The data have been mixed regarding whether influenza vaccine can cause Guillain-Barré syndrome however, it is now generally agreed that very rarely, people can get GBS after receiving the influenza vaccine. However, people can also experience GBS after viral infections, including influenza, and the rates of GBS are about 17 times higher after infection than vaccination. For more information about GBS, see the September 2021 Parents PACK Feature Article, Guillain-Barré Syndrome & Vaccines: The Risks and Recommendations.
Every year, between 75 and 150 previously healthy children die after becoming infected with influenza therefore, the benefits of getting the influenza vaccine outweigh the risks.
The History Of The Flu Virus
The flu is a fascinating subject. Most Australians are exposed in one way or another. Whether you yourself have had the flu or youve seen a family member go through it, you are likely aware of its effects and the illness it can cause the vulnerable, such as children and the elderly. With the 2020 flu season almost upon us, weve pulled together some interesting facts about the flu vaccine and the history of the flu in Australia.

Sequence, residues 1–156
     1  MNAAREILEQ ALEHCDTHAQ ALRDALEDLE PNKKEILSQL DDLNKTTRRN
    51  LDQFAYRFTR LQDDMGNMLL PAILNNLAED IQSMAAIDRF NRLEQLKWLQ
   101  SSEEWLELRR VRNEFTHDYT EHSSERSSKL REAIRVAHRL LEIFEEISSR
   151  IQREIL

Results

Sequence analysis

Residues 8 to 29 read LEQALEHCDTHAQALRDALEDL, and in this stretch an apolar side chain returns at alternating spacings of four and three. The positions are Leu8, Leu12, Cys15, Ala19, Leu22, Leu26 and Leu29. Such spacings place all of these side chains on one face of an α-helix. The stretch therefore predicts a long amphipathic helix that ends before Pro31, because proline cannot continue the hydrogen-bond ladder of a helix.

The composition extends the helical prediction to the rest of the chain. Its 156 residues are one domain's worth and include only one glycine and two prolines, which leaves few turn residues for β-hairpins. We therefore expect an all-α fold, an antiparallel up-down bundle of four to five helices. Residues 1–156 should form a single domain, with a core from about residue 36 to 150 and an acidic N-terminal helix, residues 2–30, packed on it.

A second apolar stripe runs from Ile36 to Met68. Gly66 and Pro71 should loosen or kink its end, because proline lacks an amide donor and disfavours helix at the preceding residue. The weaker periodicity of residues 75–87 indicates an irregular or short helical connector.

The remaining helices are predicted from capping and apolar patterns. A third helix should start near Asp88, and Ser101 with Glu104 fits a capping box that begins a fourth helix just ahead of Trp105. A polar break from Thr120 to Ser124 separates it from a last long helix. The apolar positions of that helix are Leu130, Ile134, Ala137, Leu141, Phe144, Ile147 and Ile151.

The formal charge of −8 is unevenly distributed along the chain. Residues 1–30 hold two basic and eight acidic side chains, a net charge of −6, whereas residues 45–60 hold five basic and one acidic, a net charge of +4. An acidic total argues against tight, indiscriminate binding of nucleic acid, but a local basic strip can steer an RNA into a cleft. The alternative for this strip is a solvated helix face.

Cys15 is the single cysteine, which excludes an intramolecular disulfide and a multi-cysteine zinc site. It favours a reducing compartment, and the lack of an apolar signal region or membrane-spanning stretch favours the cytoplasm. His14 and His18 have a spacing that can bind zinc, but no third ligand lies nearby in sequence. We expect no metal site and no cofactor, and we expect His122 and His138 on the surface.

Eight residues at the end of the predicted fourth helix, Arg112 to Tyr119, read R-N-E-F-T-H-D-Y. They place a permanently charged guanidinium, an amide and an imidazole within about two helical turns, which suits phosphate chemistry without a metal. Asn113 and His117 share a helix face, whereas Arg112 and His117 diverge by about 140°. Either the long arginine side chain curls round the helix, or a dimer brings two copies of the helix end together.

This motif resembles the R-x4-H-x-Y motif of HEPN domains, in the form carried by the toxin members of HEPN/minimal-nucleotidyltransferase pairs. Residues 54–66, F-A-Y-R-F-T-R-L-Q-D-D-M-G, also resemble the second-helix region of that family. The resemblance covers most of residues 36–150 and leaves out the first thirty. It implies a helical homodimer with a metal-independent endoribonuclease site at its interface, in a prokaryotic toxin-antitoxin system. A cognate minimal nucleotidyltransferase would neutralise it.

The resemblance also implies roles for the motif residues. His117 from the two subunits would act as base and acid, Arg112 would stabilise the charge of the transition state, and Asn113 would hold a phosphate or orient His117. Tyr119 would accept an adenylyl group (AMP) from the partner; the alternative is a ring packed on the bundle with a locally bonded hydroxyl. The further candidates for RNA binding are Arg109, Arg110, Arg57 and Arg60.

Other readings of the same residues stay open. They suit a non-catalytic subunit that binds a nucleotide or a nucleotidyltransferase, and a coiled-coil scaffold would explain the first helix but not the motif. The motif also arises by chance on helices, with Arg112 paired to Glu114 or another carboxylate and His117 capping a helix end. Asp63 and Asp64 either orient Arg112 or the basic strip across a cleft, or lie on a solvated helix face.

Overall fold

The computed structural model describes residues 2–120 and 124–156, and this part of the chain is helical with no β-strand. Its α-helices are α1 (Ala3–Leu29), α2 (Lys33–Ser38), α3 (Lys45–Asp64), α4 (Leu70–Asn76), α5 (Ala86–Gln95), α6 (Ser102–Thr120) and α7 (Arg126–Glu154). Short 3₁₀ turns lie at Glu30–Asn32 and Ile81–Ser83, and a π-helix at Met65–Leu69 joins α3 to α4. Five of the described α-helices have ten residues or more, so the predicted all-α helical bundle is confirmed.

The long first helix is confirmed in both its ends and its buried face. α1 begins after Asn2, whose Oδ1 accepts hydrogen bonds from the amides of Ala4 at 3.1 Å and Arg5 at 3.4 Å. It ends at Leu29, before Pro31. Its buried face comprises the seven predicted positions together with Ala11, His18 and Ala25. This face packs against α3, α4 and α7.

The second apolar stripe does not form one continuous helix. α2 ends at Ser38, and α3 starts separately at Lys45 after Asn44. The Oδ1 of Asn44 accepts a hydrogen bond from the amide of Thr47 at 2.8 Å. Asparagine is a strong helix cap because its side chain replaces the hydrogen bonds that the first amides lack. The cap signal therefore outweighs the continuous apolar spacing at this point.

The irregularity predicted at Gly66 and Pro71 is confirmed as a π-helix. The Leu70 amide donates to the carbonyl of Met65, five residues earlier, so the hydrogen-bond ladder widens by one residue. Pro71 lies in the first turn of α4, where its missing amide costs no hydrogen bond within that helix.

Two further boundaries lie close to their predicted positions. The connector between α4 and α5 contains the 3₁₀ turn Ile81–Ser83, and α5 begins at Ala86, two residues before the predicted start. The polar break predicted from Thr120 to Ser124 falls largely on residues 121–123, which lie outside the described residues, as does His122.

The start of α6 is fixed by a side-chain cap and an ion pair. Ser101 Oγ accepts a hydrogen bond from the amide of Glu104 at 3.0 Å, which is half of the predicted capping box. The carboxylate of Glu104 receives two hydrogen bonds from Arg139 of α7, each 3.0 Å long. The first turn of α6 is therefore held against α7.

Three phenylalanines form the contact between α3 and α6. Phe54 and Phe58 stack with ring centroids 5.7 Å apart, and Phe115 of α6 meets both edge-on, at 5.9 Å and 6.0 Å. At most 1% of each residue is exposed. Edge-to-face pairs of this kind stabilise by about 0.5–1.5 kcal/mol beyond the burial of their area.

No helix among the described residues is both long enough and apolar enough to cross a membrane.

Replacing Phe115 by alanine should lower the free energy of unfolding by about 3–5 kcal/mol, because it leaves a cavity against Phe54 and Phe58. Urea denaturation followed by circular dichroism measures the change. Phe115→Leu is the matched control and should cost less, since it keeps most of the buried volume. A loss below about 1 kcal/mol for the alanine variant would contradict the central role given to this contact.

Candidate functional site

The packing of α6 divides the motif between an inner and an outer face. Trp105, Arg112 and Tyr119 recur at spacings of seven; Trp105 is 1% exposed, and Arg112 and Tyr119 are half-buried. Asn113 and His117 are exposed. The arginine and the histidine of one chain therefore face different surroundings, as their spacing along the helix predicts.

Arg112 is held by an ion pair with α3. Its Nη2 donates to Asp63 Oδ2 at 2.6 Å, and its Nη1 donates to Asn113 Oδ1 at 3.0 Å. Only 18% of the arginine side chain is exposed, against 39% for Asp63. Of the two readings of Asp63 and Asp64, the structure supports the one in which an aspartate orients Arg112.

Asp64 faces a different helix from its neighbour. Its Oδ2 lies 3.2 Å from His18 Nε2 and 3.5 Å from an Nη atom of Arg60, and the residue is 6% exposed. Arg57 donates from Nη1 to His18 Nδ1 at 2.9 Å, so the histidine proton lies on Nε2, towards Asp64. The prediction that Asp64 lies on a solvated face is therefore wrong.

The influenza virus was first isolated in 1933, giving rise to a new era in which all of humanity could be protected from one of the worlds most prolific killers. This breakthrough changed thinking about influenza, as previously the consensus was that the flu was caused by a bacterium known as Haemophilus Influenzae.
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A Brief History Of The Flu Vaccine